That’s right. I said the idea of writer’s block. Why the idea of it? Because, in reality, there’s no such thing as writer’s block. Whether you’re producing pages of useful prose or just sitting in front of a computer screen without the correct words coming to you, your brain is working on the novel. It’s probably working on it when you’re asleep, too.
So now that I’ve clearly established for you that I don’t believe in writer’s block, I’ll tell you what I do when my output starts to slow down. First of all, I write everyday, no matter what. Usually, a sitting can last anywhere from 45 minutes to three and a half hours. Some days I work through two sittings. My standard rule is this: When I feel like I’ve gone dry and my thoughts aren’t flowing naturally, I stop. I’m not done by any stretch of the imagination, though. I just walk away for a while. What might I do next? Anything physical, which I believe opens my mind back up to a good flow. I’ll jog, shoot baskets, practice Kung Fu, or just go for a walk with my dog. I can’t remember how many times I’ve been six or seven blocks from home when the ideas started coming again in waves. That’s why I started taking a pen and pad with me, to write on my way back home.
When I go dry, I also like to change writing stations in my house. I move from the basement to the kitchen or from lamplight to natural light, just to spark something inside of me. There’s a McDonald’s I particularly like that has a second floor to it. Sometimes I sit there with a notepad. I think the light and sounds there inspire me. Music is good for me, especially when I’m singing along. I stay away from TV during a dry spell. Ironically, I never ever read to loosen up.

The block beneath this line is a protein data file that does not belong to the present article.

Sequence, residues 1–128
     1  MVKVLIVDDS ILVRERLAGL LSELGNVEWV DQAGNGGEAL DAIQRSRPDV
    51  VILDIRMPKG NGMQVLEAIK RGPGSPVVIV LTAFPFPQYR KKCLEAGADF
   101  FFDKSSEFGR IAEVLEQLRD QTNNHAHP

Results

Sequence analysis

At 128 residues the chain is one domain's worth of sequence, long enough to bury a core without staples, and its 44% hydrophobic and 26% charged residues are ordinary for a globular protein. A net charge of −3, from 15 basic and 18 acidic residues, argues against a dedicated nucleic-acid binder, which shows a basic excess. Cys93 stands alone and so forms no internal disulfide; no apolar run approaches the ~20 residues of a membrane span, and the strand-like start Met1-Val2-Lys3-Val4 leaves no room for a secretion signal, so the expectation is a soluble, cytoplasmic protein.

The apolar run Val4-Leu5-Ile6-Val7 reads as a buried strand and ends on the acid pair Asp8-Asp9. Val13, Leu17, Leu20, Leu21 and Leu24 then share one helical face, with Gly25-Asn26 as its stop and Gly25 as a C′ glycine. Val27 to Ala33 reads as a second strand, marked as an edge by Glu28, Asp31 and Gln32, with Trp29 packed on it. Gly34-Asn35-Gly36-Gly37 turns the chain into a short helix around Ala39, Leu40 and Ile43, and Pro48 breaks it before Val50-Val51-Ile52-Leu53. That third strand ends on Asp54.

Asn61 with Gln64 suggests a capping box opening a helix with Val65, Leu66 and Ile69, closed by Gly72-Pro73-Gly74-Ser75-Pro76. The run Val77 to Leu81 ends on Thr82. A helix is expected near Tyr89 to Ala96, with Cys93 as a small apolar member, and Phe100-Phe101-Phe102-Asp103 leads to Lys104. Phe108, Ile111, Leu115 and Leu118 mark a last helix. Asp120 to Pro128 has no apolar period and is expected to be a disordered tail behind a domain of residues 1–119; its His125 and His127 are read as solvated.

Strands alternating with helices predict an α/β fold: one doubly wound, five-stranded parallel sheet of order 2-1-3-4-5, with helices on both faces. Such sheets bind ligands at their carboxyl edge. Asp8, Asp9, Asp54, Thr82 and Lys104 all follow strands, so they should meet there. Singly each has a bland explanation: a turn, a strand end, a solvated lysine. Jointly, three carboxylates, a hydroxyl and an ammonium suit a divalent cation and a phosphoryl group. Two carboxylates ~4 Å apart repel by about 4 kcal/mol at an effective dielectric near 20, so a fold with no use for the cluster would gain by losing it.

How fast does it come when I’m flowing? Rikers High took me eight months, with absolutely no novel experience behind me. I wrote The Final Four, my longest book, in the shortest amount of time, five months. On the slower side, just the final one-third of Black and White took about seven months.
I don’t like to give in to the notion of writer’s block, because I believe that writers should never give in. There are already too many reasons not to work and not to produce. When those reasons start coming from the writer himself, I consider it a type of self-sabotage that I want no part of. So don’t allow it to grab hold of you. Know that every moment you’re thinking about a story is a productive one on some level. Then discover your own ways to get back to your writing comfort zone.